By Megen McMichael, president, VECTEC Solutions
Have you ever found a bug in your kitchen and wondered, “How did that get in here?” Just like that bug found the smallest foundation crack to slip through; a hacker can find the smallest vulnerability in your business’s information systems. How do you stop these pests? Well for that bug you found, call an exterminator, but for those hackers – you are going to need to invest in cybersecurity.
If you plug the word cybersecurity into Google, it quickly returns over 19 million results which demonstrates the scope and complexity of this topic. Merriam-Webster succinctly defines cybersecurity as measures taken to protect a computer or computer system (as on the Internet) against unauthorized access or attack. The Merriam-Webster definition is a good start, but it overlooks one key aspect – true cybersecurity is a perpetual function that is forever evolving and changing. Your systems and devices may be up-to-date and patched, but the pests are still out there looking for a new way to get in.
Vectec Solutions’ cybersecurity strategy has always been to try to stay one step ahead of the game. And yes, it is a game to some. These hackers get catchy little screen names and try to see who can out-do one another, never even considering the victim or the impact. The worst part is that this game will never end, and there is no winner.
When asked to write this article, a recent experience with one of our clients came to mind and I thought it might be fitting to share their experience in this context. We developed a basic, marketing oriented WordPress website for this small business, and once it was ready for the World Wide Web to see, we started discussing hosting plans and options. Our client selected a more cost effective hosting plan with a different solutions provider to cut costs. Long story short, the web host did not provide regular back-ups, software updates or any sort of added security features. Moreover, the site was hosted on a shared server with hundreds of other sites, each with their own vulnerabilities.
Needless to say, the website was eventually compromised and had to be taken off-line for several days. Our client was shocked that their small marketing-only website, which did not store any type of personal or sensitive data, was of any interest to hackers. In reality, hackers and their network of attack bots do not care if you are a Fortune 100 company, the U.S. government or a small business. If they can get in and do damage, they have met their goal of you now having to call an ‘exterminator’.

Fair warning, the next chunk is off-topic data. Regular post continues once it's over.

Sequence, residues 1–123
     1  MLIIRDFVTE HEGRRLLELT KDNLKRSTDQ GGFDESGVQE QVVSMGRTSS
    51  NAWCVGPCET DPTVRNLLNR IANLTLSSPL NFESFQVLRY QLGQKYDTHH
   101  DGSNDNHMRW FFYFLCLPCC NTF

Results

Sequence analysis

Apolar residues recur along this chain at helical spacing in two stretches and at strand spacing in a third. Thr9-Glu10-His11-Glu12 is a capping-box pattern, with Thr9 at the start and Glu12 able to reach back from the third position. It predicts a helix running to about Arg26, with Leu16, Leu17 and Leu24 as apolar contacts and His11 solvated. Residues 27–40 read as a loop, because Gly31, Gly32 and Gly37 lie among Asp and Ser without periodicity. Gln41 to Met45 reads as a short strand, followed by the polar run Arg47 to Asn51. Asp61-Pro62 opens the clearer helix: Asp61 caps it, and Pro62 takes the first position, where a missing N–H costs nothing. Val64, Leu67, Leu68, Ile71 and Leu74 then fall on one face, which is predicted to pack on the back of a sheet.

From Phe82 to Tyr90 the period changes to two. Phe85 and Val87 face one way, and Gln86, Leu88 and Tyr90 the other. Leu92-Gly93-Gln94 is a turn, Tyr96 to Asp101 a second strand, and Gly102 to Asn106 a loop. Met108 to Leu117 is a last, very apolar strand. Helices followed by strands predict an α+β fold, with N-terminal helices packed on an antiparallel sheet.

This particular client had to spend quite a bit of money to do forensics analysis to determine what all had been compromised. Had their hosting account’s username and password, which was the same username and password for access to other business systems, been obtained? (This is a very bad practice, but I will save this topic of discussion for another article.) Once they identified it was a WordPress username/password breach, along with SQL injections, they had to start the process of rebuilding a clean website. In the end, they ended up spending quite a bit of money, and their cost cutting measures were for naught. Sometimes that old adage is true – “you get what you pay for”.
Our client’s story underscores the importance of accepting that your information systems will always have vulnerabilities. As such, your security and technology strategies need to be aligned properly to find the best cybersecurity posture for your budget and risk profile. Here are some questions to ask:
- What is the backup plan?
- Are there regular updates in place? This would include things such as server operating systems, software updates to tools such as SSL, WordPress, security patches and the like.
- If using a tool such as WordPress, are there any extra security plug-ins in place (i.e. WordFence or IThemes Security)?
- What does the firewall set-up look like? Have ports been locked down/limited to what is absolutely necessary?
- Are there regular vulnerability scans in place for malware or spyware?
The above is certainly not a comprehensive list, but in my opinion, it’s a critical list for even the smallest small business. The answers to these questions will help shape a framework for your cybersecurity approach. To complete your approach, you will still need to choose your tools and establish the processes that you will execute day to day, week to week and month to month. And remember – this is an on-going, iterative process, so unless you like creepy crawlies in your kitchen and information systems, talk to your local ‘exterminator’ and get on a routine pest control plan.
Megen McMichael is President of Vectec Solutions, a technology services company in the Hampton Roads area. If you are looking for additional information on cybersecurity or need assistance with any technical needs, please feel free to contact her at firstname.lastname@example.org. Vectec provides web hosting and support services as requested to COATS Staffing Software.